When Christiana Figueres took on the leadership of the UN secretariat on climate change, the diplomatic collapse of the Copenhagen Summit was fresh in everyone’s minds. Now just over six years later, she prepares to leave office riding high on a wave of global enthusiasm following the first global agreement on climate change.
BusinessGreen caught up with Figueres to look back on the remarkable transformation that has swept through the global climate movement – discussing her role as a “gardener” for climate action, why US business holds the Trump card in American climate policy, and why victory always goes hand-in-hand with optimism.
BusinessGreen: Looking back from when you took on this post just after Copenhagen to where we are now, what has changed in the global attitudes to climate change?
Christiana Figueres: I think there is a remarkable turnaround in the global attitude over the past six years. As we remember we were all deeply disappointed by Copenhagen. As I have said before, I think the whole world was in a bad mood about climate change, having reached a conclusion that it was too expensive, too complex, too confrontational, and some had even decided it was too late anyway.
So I think over the past six years what has happened is that there is a remarkable turnaround in the global mood. Certainly the fact that clean energy technologies have come down in cost was a huge opening. But beyond that I would say there were three major transformations that occurred slowly but surely between 2010 and 2015.
The other big transformation, my number two choice, is that there was a realisation that this is not just the responsibility of central or national governments, but actually a shared responsibility that goes beyond central governments: there’s sub-national governments, there’s certainly the corporate sector that needs to take on responsibility here, the finance sector. In fact, there’s barely a sector that doesn’t need to contribute to the solution.
And based on those two changes, what was really remarkable was the fact that addressing climate change moved slowly but surely from being a burden to being an opportunity. Countries have now seen how they can actually implement a national version of the global Sustainable Development Goals (SDGs) through their pursuit of climate goals, and vice versa. And I think that is very important to understand, that we will only pursue climate goals through the national pursuit of the SDGs.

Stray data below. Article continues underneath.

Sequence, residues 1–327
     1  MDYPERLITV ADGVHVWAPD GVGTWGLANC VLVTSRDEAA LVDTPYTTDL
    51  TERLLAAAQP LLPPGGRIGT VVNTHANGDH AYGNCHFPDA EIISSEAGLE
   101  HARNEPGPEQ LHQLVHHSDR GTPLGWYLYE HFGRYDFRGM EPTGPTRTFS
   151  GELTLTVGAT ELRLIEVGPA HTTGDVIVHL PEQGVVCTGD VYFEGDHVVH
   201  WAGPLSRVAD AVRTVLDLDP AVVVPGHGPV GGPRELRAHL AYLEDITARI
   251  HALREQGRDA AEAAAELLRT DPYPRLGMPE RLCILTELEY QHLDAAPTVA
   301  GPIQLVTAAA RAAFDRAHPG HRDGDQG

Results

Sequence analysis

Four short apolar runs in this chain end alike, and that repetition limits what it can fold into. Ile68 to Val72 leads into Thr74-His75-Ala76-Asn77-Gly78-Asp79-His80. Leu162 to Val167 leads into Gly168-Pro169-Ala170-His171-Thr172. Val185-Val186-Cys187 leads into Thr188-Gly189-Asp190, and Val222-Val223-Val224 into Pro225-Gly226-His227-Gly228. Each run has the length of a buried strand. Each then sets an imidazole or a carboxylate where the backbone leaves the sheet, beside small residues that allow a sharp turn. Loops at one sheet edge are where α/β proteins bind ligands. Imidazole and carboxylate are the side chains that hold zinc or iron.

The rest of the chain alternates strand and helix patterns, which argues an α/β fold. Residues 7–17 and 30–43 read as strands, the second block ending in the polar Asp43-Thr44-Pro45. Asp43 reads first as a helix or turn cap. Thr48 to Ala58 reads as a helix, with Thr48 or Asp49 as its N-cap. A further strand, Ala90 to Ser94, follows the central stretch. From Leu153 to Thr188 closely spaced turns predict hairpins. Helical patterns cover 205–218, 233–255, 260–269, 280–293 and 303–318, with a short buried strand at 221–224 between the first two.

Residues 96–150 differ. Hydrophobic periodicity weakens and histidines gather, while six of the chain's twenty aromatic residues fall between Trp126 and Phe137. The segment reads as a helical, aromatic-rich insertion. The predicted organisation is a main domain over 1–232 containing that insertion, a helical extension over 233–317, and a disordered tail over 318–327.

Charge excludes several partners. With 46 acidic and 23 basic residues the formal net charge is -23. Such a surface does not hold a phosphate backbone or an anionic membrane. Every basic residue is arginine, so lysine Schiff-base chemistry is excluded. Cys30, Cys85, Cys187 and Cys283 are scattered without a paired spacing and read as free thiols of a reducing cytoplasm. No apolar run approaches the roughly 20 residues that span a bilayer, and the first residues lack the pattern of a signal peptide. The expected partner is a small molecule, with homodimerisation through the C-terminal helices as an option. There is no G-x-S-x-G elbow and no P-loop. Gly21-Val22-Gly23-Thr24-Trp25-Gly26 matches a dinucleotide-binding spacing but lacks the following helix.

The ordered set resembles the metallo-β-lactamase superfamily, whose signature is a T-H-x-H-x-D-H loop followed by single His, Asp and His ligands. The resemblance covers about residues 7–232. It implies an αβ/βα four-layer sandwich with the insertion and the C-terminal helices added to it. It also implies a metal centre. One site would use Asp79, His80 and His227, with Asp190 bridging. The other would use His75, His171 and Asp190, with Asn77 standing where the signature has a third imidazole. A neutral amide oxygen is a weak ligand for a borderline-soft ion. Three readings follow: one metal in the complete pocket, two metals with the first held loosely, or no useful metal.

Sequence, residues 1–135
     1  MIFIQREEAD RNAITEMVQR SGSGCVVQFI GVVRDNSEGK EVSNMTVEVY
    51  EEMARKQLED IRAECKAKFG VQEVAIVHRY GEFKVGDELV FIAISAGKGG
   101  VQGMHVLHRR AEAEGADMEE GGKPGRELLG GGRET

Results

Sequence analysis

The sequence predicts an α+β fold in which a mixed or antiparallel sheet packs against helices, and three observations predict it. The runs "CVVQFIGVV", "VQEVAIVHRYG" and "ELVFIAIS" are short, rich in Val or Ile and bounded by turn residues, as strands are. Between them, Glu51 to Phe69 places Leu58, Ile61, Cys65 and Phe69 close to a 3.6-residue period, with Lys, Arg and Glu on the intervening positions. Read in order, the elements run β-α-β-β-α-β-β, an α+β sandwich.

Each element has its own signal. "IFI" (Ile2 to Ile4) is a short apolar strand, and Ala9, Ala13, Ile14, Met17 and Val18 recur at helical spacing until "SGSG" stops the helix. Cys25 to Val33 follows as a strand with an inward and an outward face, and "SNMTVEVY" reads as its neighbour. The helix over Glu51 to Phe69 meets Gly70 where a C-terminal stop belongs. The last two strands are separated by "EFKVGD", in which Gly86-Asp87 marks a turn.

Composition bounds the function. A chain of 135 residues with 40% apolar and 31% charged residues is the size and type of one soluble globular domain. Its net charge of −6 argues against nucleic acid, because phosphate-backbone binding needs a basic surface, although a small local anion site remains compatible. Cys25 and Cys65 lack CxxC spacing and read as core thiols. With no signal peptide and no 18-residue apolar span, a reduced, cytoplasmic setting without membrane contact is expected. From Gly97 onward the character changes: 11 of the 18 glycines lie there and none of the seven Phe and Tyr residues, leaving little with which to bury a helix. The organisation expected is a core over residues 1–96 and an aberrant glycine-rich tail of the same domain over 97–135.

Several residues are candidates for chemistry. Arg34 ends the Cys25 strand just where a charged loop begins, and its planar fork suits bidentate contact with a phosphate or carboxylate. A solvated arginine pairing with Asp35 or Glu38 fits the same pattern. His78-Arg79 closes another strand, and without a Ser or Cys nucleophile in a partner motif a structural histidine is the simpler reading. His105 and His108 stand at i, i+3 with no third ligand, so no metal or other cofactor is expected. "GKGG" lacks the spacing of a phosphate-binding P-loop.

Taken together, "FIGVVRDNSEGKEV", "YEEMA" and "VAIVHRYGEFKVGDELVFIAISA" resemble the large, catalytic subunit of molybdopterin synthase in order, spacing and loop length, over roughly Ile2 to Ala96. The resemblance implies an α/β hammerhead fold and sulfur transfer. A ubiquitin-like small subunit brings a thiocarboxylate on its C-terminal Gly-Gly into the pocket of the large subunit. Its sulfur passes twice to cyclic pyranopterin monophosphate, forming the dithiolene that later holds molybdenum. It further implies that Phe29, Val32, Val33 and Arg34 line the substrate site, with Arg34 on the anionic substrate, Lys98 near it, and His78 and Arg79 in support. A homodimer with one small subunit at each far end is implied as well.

To be able to understand that this is actually a huge developmental opportunity was a major, major change and allowed for a very different attitude – one that admits that we don’t know exactly how we are going to get to the targets that are embedded in the Paris Agreement, but that everybody is willing to have a “moonshot attitude” to say “we are going to do this, we do have to transform”. And admittedly we don’t exactly know how we are going to do that, but we are going to do it. So it’s very much about this moonshot attitude, which is very very different from where we were in Copenhagen.
You’ve spoken before about your drive to add a sense of optimism to the climate debate post-Copenhagen. Given your experience of trying to rebuild momentum after that conference, is there anything we can learn about maintaining the momentum post-Paris?
It is important to move quite quickly on that, because we don’t want the Paris Agreement to be only a hard labour and a well-balanced document. We don’t want it to be only a document. We want it to be vision, yes, but it needs to be very quickly followed by constructing the reality behind that vision.
I think the lead up to Paris and the construction of all of the very important coalitions is absolutely key. Countries working together, collaborating and helping each other out was a lesson in the lead-up to Paris and has to be the bedrock of moving forward now. Whether it is countries or national governments helping each other out, or whether that be a collaboration between public and private sector, or between national and sub-national governments. In whatever iteration you want to see it, I think collaboration was key toward Paris and is absolutely fundamental in a post-Paris world.
You said last month the conversation between business and government now needs to deepen into collaboration – could you explain what you mean by that?
It’s clear that businesses are already taking on their responsibility because they do see it as an opportunity, and many of them are beginning to align themselves with these science-based targets, targets that are embedded in the Paris Agreement, so many of them are moving in that direction. But it’s also very clear that they will be facilitated and enabled in that movement, in as much as governments do put climate-friendly policies in place. The very clear link between an enabling policy environment and capital shifts and development of technology has always been there. It’s nothing new, we’ve known for years that it exists, but it is now absolutely transcendental and needs to occur quite quickly.